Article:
Documents shed light on Fed lending practices

The Federal Reserve lent vast sums of money to a long list of banks during the financial crisis, according to newly released documents, supporting institutions gigantic and minuscule, and those based throughout United States and from many corners of the globe.

The New York office of Bahrain-based Arab Banking Corp. borrowed $1.1 billion from the Fed’s emergency lending program for banks during October 2008, according to the documents. That bank is currently 59 percent owned by the Libyan Investment Authority, which invests money for the government of the Middle Eastern state now enmeshed in conflict. (At the time, Libya was making slow progress at mending its relationship with the United States and other Western governments.)

“It is incomprehensible to me that while creditworthy small businesses in Vermont and throughout the country could not receive affordable loans,” said Sen. Bernard Sanders (I-Vt.) in a statement Thursday, the Fed was extending credit “to a bank that is substantially owned by the Central Bank of Libya.”

The Treasury Department excluded Arab Banking from recent sanctions against Libya, as it is headquartered in Bahrain and governed by that nation’s laws, and was complying with sanctions against the Libyan government.

It wasn’t the only foreign bank to borrow money from the Fed: On Oct. 27, 2008, when the crisis was near its peak, the New York branches of Belgian bank Dexia and Irish bank Depfa received $28.5 billion and $24.5 billion, respectively. Austria’s Erste Group and the Bank of Scotland were major borrowers in the immediate aftermath of the failure of Lehman Brothers, in mid-September 2008.

Many of the nation’s large banks, including J.P. Morgan Chase and Bank of America, made extensive use of the loan program, called the discount window, starting when the financial crisis arose in summer 2007 and then as it deepened in 2008. The scale of the lending had been disclosed at the time, but not the names of borrowers.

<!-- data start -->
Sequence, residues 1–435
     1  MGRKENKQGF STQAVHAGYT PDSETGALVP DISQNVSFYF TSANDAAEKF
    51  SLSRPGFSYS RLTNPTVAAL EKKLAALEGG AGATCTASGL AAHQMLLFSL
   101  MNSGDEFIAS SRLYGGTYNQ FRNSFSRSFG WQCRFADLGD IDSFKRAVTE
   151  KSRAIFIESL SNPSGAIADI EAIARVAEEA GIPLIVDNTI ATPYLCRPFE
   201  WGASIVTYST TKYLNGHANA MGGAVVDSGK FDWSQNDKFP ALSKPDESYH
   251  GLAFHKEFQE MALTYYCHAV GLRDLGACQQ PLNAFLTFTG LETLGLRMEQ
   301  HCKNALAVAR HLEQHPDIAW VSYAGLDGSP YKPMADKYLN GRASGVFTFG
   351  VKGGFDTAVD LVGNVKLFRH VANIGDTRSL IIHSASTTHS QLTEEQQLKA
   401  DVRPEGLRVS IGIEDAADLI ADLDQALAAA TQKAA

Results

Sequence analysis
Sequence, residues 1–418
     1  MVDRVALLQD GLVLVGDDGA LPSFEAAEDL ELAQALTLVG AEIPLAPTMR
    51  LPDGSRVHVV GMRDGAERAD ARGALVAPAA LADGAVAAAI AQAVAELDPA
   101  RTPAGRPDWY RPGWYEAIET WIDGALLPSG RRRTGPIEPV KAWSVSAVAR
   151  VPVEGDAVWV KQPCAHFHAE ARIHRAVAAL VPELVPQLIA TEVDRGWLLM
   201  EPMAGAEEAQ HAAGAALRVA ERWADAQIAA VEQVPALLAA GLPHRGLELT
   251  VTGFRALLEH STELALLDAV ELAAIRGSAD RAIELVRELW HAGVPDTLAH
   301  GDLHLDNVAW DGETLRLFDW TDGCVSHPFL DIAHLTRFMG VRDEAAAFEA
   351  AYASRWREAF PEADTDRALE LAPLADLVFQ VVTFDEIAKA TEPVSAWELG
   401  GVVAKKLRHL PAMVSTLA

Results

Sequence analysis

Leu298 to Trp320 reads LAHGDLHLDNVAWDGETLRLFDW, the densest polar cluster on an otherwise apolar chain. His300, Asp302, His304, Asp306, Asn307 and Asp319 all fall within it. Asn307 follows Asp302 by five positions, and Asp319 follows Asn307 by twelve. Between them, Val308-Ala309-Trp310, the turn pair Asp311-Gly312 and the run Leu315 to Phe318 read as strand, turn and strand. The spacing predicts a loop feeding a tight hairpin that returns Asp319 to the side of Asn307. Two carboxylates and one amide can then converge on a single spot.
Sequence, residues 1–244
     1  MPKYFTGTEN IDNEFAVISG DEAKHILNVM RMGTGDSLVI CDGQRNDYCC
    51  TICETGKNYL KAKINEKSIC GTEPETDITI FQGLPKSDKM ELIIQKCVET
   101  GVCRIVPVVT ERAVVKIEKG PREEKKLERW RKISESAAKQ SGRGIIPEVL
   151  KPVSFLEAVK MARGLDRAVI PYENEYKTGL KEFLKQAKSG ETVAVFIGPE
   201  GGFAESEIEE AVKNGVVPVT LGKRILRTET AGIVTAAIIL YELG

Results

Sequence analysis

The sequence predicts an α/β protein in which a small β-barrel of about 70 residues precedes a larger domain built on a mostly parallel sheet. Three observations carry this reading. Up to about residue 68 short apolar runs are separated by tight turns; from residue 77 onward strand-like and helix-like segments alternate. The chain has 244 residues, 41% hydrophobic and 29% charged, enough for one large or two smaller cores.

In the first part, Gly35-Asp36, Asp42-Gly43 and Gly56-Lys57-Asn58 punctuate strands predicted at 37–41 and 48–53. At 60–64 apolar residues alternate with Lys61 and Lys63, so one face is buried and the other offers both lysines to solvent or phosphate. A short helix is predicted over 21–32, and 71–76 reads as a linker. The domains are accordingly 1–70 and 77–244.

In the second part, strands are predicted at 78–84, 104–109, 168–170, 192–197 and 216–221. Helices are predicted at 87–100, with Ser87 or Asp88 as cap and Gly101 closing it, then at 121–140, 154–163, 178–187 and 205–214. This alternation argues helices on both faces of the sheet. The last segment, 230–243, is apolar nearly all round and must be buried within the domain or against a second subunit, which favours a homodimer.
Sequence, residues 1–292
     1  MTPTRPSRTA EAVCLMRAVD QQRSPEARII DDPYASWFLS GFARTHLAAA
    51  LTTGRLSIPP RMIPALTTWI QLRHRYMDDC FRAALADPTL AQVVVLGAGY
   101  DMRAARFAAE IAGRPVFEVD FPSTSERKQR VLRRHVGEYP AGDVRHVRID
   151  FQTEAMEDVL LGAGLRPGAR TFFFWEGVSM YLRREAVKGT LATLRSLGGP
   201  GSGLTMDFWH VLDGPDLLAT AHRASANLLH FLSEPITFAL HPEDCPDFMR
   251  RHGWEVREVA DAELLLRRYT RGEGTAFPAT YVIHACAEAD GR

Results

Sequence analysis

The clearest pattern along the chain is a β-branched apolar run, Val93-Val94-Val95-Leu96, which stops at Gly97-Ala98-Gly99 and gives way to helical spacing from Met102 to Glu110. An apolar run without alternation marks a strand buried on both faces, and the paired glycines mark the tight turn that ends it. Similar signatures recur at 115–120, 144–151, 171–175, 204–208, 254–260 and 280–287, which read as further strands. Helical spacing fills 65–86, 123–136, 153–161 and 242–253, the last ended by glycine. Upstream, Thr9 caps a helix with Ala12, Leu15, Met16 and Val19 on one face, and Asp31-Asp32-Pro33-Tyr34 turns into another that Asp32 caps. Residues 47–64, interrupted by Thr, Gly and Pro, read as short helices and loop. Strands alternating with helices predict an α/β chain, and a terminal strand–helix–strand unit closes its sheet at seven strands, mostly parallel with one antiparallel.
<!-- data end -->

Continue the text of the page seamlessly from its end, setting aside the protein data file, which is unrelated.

The Fed said it needed to keep the details of discount-window lending confidential, lest the disclosure deepen the panic and loss of faith in the banking system.

The new documents — 900 files totaling 29,000 pages, obtained through a Freedom of Information Act lawsuit by Bloomberg and Fox Business — show an institution that had become the global lender of last resort. In addition to some of the biggest Wall Street firms and hundreds of smaller U.S. banks, the Fed’s emergency lending supported the U.S. branches of foreign banks, including one partly owned by the Libyan government.

Washington Mutual, which was on the verge of collapse in September 2008, borrowed $2 billion for several consecutive days before being taken over by J.P. Morgan Chase. IndyMac, another mortgage lender, borrowed $500 million just before regulators seized it in July 2008.

All of the loans were repaid with interest, Fed officials have said in public testimony, and the central bank held collateral for each to guard against losses.

Since it was founded in 1914, the Fed has offered banks access to emergency money when they find themselves “illiquid,” or unable to meet their short-term cash needs. It is the primary tool in the Fed’s role as lender of last resort to the banking system.

In normal times, banks rarely use the window, fearful that it will make them look weak and because there are other sources of short-term cash. Last week, there was only $11 million in credit outstanding at the discount window, the Fed said Thursday. That changed during the financial crisis, when the number was about $100 billion some weeks.

In fighting the Bloomberg and Fox lawsuits, lawyers for the Federal Reserve and banking industry groups said that if the details were made public, it would create a stigma to using the window that would make the Fed less able to respond to a crisis. A federal judge found that the public interest in disclosing the use of public funds overrode those concerns.

The documents, in addition to laying bare massive lending to some of the world’s largest banks, shows the mundane side of the Fed’s discount window. For example, on June 17, 2008, the same day the New York Fed lent $7 billion to Bear Stearns, it also extended $120,000 to the Bank of Cattaraugus in western New York, according to the records.

And on Oct. 27, 2008, Capital One, the McLean-based credit card giant, went to the discount window for a less-than-princely sum: $1,000. Less, in other words, than many of its individual customers carry as a balance on their credit cards.

It was part of a regular test of the discount window process, a spokeswoman for Capital One said Thursday.

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